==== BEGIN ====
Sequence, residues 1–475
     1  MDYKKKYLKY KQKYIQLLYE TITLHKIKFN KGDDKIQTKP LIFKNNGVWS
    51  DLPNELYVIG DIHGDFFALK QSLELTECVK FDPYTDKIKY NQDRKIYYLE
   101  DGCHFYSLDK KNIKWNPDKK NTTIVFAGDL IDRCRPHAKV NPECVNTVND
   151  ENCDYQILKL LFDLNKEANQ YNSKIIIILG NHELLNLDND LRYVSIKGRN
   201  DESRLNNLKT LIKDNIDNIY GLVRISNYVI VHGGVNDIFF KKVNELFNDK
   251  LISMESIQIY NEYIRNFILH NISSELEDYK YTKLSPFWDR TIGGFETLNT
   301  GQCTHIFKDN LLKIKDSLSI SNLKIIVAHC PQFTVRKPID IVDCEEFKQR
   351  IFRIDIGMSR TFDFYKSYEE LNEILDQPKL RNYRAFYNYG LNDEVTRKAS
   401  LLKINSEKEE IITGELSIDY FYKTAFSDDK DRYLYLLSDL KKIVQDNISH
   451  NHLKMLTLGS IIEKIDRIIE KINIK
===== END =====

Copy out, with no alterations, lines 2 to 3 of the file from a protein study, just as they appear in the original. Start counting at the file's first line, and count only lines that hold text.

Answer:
     1  MDYKKKYLKY KQKYIQLLYE TITLHKIKFN KGDDKIQTKP LIFKNNGVWS
    51  DLPNELYVIG DIHGDFFALK QSLELTECVK FDPYTDKIKY NQDRKIYYLE